Putin sneaks through your fridge

Can you shut down internet? That doesn’t seem likely, but after what happened on the east coast of the USA last Friday the answer seems to be yes. Large sites like Spotify, Twitter, Reddit and New York Times were affected.

This was a so-called distributed denial of service attack (DDoS), which means that innocent devices (routers, digital videorecorders,webcamera, smart thermostat/watch,/refrigerator/parking/doorlock etc.) were used to send so many web page requests to servers that the regular traffic was ignored. The servers were simply overwhelmed.

The internet of things (IoT) is used to connect all sorts of devices to the internet. This industry isn’t regulated at, and if you think that’s a good idea think Enron, Lehman Brothers, Fannie Mae, Greece, Ireland, Iceland etc. 5 G is expected to become available in 2020 and that is likely to increase the industry’s desire to offer us services we don’t need. The last product I heard about was a British guy that asked for financial support so he could develop his IoT shower device. What he didn’t say was that the price for saving some water could be that you make it possible for someone to attack a third party. The worst case scenario is your products being turned into weapons.

This reminds me of banks and shops in Norway. Banks don’t deal with cash anymore and the shops have a closed system the cashiers don’t have direct access to (only the exact amount they need). In other words, trying to steal wouldn’t be very smart. Google, Microsoft and other companies have spent a lot of resources on protecting their products, but IoT keeps the back door wide open. Microsoft could tighten security by offering an update we could easily download, but that is not an option with IoT devices. You have to buy a new device and hope the software is better.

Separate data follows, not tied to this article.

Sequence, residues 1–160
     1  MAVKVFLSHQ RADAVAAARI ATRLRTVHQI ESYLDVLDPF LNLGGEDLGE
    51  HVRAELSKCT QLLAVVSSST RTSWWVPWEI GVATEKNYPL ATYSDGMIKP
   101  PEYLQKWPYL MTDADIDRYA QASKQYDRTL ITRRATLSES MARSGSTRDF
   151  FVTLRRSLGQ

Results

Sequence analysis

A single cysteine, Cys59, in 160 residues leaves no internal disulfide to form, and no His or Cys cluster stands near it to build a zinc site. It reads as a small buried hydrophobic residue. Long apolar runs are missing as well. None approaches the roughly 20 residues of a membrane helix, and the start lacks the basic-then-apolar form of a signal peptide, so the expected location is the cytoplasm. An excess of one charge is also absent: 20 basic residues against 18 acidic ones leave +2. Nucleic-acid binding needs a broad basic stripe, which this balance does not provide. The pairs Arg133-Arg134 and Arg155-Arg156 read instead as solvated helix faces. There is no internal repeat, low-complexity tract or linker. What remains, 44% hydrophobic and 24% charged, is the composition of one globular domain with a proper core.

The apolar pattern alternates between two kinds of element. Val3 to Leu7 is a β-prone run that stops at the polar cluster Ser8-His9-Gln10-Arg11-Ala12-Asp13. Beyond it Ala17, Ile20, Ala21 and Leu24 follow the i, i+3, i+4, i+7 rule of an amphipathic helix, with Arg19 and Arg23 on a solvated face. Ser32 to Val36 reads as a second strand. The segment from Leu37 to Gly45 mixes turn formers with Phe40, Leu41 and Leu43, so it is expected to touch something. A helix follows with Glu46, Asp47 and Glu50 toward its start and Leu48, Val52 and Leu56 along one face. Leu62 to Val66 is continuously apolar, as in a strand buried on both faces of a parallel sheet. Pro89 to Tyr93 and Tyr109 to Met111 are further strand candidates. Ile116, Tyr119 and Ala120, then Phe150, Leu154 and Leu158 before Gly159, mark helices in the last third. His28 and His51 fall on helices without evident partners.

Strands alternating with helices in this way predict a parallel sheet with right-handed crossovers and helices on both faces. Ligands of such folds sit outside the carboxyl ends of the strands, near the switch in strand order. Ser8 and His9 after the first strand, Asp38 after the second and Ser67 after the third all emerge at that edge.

The big question is who the attacker was. The governments in Russia, China and North Korea seem to be popular scapegoats, and that may be the right place to point this time. The target appeared to be internet and not institutions like banks, media and the government. I don’t know what ISIS is capable of, but now that the massive attack against them in Mosul has started they are getting desperate, and we really should not give anyone this option. An attack like this has been debated as a possible scenario, but I think the timing surprised many. It is of course possible that this was a political protest making it clear to lawmakers what a security risk they have allowed, but I think it’s more likely to be bigger.

The video sounds wonderful, but if something sounds to good to be true it usually is. Technology is great, but sometimes working harder is the smarter thing to do. It’s not good when we leave the intelligence to the little devices we depend on.

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6 thoughts on “Putin sneaks through your fridge

  1. Truth! Your last paragraph summarizes nicely, John.

    Human beings have been gifted the ability to create amazing things. But sadly, we also have the ability to use such things for evil on a grand scale. We should be seriously considering the potential consequences of our insatiable quest to better ourselves. Without God’s wisdom to guide us, we are lost.

    I hope you and your family are well.

    1. @ John, I may sound a bit overly optimistic, but am thinking there are some (perhaps many) who are finally waking up to the reality of the mess we have. I have no idea which direction things will go from here, but the United States appears to have reached an historical crossroads. We can’t keep going the way we have and we really can’t turn back. This newest election cycle is very interesting.

  2. I love the title, Jon! Very tongue in cheek……..especially given the current tendency among certain ones in the U.S. to blame everything on Russia. To hear the media tell it, Putin is like omnipotent or something. Like some kind of comic-book villain. So, I love that title. Funny. 🙂

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